After reading the book Agile Software Development, The Cooperative Game, I was introduced to the idea of Shu, Ha, Ri and I can’t help but love it. It’s a way of describing the three stages of learning. And I see their evidence everywhere.

To summarize, there are three stages of learning. Shu, where the learner follows strict rules. Usually learning about one technique, even if many more could work, they perfect the skill of executing that one technique. They measure their success based on whether the procedure works and how well they can carry out the procedure.
After a while, however, the learner discovers boundaries within their technique and wants to learn more techniques. This stage is known as Ha. This is where the learner has detached from their first technique and explores the many other techniques that could also work.

In the last stage Ri, the learner has become a master. The lines between different techniques become blurred. Whether they are practicing one technique or another becomes irrelevant. The practitioner knows the desired outcome and simply makes their way to the desired outcome.

In programming, this can be an extremely important concept to understand, especially when first learning to program. So many times when I was in my programming infancy, I wanted someone to just tell me how to solve the problem, but it was never that simple. There were so many different answers, and whose was better? How was “good” code measured? After learning about these three stages,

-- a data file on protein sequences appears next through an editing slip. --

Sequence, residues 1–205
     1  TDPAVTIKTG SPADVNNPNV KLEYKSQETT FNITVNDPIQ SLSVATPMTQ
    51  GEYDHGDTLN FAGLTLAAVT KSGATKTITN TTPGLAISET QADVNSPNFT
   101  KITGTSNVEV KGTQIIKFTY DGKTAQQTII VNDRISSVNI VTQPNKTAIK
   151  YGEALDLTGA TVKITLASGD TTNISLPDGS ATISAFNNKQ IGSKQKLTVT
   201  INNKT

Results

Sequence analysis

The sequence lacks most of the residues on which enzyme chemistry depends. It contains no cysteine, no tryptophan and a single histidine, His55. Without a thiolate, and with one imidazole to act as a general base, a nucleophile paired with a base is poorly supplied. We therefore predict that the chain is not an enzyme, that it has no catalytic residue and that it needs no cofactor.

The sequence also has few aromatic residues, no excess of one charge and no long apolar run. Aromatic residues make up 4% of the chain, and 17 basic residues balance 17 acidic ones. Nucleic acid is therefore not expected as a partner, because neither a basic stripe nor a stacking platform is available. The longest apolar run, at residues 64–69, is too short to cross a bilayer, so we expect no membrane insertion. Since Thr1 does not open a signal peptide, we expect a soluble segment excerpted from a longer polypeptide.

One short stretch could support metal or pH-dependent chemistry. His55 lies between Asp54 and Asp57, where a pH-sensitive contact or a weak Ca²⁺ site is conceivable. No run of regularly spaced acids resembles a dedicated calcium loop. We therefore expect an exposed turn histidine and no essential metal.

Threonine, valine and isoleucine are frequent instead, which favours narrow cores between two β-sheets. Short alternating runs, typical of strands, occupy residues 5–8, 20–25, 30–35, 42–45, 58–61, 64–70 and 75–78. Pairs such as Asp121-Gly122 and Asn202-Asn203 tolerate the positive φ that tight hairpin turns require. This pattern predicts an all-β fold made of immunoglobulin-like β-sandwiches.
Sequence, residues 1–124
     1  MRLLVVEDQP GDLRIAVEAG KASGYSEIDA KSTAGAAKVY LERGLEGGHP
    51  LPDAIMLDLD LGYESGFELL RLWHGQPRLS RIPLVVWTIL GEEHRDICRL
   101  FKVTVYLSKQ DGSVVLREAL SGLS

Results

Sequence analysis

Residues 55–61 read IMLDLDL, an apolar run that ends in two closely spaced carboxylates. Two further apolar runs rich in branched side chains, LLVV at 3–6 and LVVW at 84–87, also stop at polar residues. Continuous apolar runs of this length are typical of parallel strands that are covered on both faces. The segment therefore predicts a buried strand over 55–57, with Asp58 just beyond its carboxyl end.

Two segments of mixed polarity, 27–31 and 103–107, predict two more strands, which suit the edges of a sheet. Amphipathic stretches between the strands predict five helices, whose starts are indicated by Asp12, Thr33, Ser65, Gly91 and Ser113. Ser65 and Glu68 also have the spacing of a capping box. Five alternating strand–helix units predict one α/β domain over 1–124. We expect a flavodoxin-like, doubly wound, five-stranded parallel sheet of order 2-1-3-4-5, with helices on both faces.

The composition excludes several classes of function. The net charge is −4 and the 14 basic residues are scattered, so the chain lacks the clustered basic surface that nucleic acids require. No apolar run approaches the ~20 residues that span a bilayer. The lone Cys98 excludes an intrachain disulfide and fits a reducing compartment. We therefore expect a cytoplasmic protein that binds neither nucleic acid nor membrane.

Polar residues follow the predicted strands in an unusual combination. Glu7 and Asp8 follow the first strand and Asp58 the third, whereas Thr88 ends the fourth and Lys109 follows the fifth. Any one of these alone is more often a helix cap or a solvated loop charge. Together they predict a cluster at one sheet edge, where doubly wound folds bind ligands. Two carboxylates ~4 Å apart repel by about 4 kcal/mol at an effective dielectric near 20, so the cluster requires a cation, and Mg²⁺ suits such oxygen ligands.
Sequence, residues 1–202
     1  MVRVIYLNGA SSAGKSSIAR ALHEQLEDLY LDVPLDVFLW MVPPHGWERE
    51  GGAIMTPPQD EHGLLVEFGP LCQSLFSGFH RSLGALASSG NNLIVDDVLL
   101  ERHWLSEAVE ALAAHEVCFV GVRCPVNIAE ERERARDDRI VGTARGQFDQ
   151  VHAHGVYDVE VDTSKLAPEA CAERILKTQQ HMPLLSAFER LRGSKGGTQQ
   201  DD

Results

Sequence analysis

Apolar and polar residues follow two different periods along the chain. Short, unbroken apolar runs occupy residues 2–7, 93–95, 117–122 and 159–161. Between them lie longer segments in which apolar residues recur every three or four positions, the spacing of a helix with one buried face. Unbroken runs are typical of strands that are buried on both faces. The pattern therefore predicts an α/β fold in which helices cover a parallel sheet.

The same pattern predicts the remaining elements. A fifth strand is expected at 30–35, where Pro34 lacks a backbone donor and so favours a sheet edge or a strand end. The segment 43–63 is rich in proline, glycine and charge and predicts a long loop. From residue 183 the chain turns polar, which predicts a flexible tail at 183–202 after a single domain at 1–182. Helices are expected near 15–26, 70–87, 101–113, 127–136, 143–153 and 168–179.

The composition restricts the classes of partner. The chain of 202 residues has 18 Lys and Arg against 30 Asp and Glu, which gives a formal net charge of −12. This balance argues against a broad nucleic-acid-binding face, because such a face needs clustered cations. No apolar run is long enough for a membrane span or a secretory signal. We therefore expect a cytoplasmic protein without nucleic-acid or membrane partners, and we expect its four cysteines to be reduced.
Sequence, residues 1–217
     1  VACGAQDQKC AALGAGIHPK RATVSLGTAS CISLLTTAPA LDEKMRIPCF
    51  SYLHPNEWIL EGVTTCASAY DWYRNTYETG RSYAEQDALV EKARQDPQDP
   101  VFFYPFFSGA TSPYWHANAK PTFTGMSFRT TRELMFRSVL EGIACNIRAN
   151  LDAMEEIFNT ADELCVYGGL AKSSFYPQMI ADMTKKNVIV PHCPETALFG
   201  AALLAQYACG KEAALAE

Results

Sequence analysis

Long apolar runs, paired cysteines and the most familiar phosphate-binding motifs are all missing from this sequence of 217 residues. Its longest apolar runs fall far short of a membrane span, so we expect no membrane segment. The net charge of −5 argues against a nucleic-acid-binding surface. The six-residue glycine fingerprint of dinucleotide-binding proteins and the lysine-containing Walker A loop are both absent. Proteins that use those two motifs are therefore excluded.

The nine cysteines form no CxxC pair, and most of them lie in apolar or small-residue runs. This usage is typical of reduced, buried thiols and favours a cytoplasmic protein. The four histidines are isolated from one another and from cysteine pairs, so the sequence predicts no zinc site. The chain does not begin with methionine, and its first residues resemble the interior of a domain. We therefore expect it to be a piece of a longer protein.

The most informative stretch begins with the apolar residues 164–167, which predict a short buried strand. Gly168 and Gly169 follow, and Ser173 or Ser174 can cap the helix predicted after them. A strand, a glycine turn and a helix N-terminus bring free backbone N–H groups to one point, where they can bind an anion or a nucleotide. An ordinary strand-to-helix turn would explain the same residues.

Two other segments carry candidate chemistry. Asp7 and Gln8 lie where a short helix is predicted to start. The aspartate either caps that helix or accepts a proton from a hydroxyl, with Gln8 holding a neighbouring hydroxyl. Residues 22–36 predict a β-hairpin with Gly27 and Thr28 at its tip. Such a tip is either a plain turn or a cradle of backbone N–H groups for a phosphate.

I realize that I was a “Shu”, trying to translate advice from a “Ri”.

No, just tell me the answer. It’s not that simple.

Something that we often poke fun at Greater Sum is our master Craftsman, Mike. His answer to every question is, “It depends”. He’s a real Yoda. But his answer makes you think and question. It forces you into the “Ha” mindset. Which forces you to learn, to think about different approaches. There’s not just one right answer. One quote I’ve been inspired by in my work recently is one by Pablo Picasso. He says, “Learn the rules like a pro, so you can break them like an artist”. I’ve read several books by programmers who like to compare their work to art. I’d like to think that, though our work requires a lot of attention to detail and technical thinking, we ultimately are artists. Learning the rules, so that we can break them and come up with creative, artistic, solutions to problems. Maybe it’s just wishful thinking, but it helps me to find more pride in my code than just “getting it to work”.


You can learn more about Shu, Ha, Ri at

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